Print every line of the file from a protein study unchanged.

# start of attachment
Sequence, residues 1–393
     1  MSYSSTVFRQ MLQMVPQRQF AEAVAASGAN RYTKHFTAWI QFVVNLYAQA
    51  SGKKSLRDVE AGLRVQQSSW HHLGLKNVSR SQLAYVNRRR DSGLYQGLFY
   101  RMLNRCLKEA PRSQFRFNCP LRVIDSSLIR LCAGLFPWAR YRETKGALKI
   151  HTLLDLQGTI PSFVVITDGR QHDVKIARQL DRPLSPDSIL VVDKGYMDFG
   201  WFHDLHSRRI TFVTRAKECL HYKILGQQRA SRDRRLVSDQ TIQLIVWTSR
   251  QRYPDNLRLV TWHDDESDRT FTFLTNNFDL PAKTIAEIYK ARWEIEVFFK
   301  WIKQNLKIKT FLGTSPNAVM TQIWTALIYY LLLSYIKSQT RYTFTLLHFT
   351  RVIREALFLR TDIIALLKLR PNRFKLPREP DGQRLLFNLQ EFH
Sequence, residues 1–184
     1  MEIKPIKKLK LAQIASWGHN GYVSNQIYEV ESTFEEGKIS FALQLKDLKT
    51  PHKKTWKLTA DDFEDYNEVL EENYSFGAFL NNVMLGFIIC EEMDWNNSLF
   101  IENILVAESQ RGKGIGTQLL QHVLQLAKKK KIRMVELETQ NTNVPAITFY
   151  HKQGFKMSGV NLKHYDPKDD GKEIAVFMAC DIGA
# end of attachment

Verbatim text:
Sequence, residues 1–393
     1  MSYSSTVFRQ MLQMVPQRQF AEAVAASGAN RYTKHFTAWI QFVVNLYAQA
    51  SGKKSLRDVE AGLRVQQSSW HHLGLKNVSR SQLAYVNRRR DSGLYQGLFY
   101  RMLNRCLKEA PRSQFRFNCP LRVIDSSLIR LCAGLFPWAR YRETKGALKI
   151  HTLLDLQGTI PSFVVITDGR QHDVKIARQL DRPLSPDSIL VVDKGYMDFG
   201  WFHDLHSRRI TFVTRAKECL HYKILGQQRA SRDRRLVSDQ TIQLIVWTSR
   251  QRYPDNLRLV TWHDDESDRT FTFLTNNFDL PAKTIAEIYK ARWEIEVFFK
   301  WIKQNLKIKT FLGTSPNAVM TQIWTALIYY LLLSYIKSQT RYTFTLLHFT
   351  RVIREALFLR TDIIALLKLR PNRFKLPREP DGQRLLFNLQ EFH
Sequence, residues 1–184
     1  MEIKPIKKLK LAQIASWGHN GYVSNQIYEV ESTFEEGKIS FALQLKDLKT
    51  PHKKTWKLTA DDFEDYNEVL EENYSFGAFL NNVMLGFIIC EEMDWNNSLF
   101  IENILVAESQ RGKGIGTQLL QHVLQLAKKK KIRMVELETQ NTNVPAITFY
   151  HKQGFKMSGV NLKHYDPKDD GKEIAVFMAC DIGA